I’m not the coach who pushes everyone who is having an experience of pause to use this time to learn a new skill or a craft; to better yourself to feel the accomplishment or so others will be impressed. Seriously, whatever floats your boat. If you want to do that, please see this moment as a gift and do it!

If you choose to numb it all away while you’re waiting out the storm, I simply want you to be fully aware that all of your shitty emotions will still be there when the skies clear and whatever semblance of normalcy you’re waiting for returns.

You have no idea how long you could be waiting.

The best thing you can do for yourself is to find yourself through this momentary madness.

I also want you to recognize that your primitive brain is trying to avoid pain. Certainly, do what you need to do to keep yourself well and physically safe. But also recognize that emotional pain is nothing more than a vibration in your body. If you allow yourself to feel it, your pain will not stay long and instead move through you. If you try to ignore it, distract yourself from it, numb it, or resist it, you will only succeed in delaying your experience.

Numbing is not how you avoid pain.

That’s just how your primitive brain thinks.

You have much more power than you think, and you can find the answers to any problem within yourself.  But you can’t find those answers by avoiding and distracting and delaying your fear. You can’t find the solutions by focusing on what everyone else is doing/not doing, assigning what’s right or wrong, and bitching about it to your friends or on social media. There is nothing about doing these things that is productive, even though it may feel like it is in the moment. Even though the temporary release of frustration seems an accomplishment of sorts – it really isn’t.

Fear can actually be a great motivator. Think about it. If my primitive self is afraid when I see a tiger round the bend, my brain is going to say, “move!” and I’m going to scramble into action. It may not be pretty, my form may not be perfect, but I’m going to bolt as if my life depends on it, because I want to survive. The emotion of fear can be a life saver.

If I’m afraid that I may not have a way to produce an income in the near future, I have quite a few choices in this current first world environment that I exist in. I can assure you that my choices are not going to include laying around, feeling sorry for myself, and waiting for the world around me to return to “normal”. Feeling that fear could also produce a thought of “move!” and allow me to see alternative ways to create that income. That’s what a lot of business owners have had to do – quickly pivot from their normal operations, take messy action to keep the lights on, then figure out how to adapt as we slowly return to a way of life that is certain to look different than it did a month ago.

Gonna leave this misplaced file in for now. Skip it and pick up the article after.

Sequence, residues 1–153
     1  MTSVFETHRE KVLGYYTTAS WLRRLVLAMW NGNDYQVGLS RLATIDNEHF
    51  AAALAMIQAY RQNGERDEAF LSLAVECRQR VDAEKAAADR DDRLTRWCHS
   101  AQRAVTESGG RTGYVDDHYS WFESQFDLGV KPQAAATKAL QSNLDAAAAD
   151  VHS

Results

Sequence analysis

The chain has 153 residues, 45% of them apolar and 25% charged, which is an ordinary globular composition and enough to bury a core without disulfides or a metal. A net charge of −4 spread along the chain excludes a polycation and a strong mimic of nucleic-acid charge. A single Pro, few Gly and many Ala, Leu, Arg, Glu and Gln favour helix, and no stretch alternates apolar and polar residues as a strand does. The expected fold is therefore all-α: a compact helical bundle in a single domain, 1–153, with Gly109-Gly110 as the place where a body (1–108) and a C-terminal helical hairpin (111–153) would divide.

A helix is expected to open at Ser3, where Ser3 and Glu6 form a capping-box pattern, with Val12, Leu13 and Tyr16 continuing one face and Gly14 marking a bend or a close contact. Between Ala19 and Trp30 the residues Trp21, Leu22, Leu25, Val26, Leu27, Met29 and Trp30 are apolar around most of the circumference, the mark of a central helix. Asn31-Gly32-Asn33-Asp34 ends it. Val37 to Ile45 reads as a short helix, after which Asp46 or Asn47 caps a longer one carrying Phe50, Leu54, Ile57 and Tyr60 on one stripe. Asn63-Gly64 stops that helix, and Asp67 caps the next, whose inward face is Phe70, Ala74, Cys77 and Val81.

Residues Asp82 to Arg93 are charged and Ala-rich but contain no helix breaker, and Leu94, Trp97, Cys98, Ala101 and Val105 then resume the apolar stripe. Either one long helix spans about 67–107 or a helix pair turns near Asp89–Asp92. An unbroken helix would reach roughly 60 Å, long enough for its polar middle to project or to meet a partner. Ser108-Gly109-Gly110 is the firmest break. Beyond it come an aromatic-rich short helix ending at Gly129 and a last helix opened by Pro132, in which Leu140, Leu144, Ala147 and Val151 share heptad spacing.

You have the ability to roll with change and to figure out how to thrive in any circumstance. You just need to know how to find those answers within.

This is exactly why I do the work that I do. I have learned to appreciate a good storm. Even more, I love the rainbows and renewed growth that it produces.

On the other side of survival mode, you can indeed thrive. It’s all up to you.

If you’re ready to find your power and Light The F*ck Up, I highly recommend my new podcast. You can find it on Spotify and Apple.

I am happy to coach on any topic, including the current pandemic events.  I’m absolutely here for you! Book a free session with me here.


2 Replies to “Why This Feels Like Survival Mode”

  1. Thank you for the reminder that while I have a nice and calm life here in my room and family to contact with, there are people who have it less comfortable than me and equally those who post on Facebook ‘Stay home or die’ type of things are also just trying to help.

    Liked by 1 person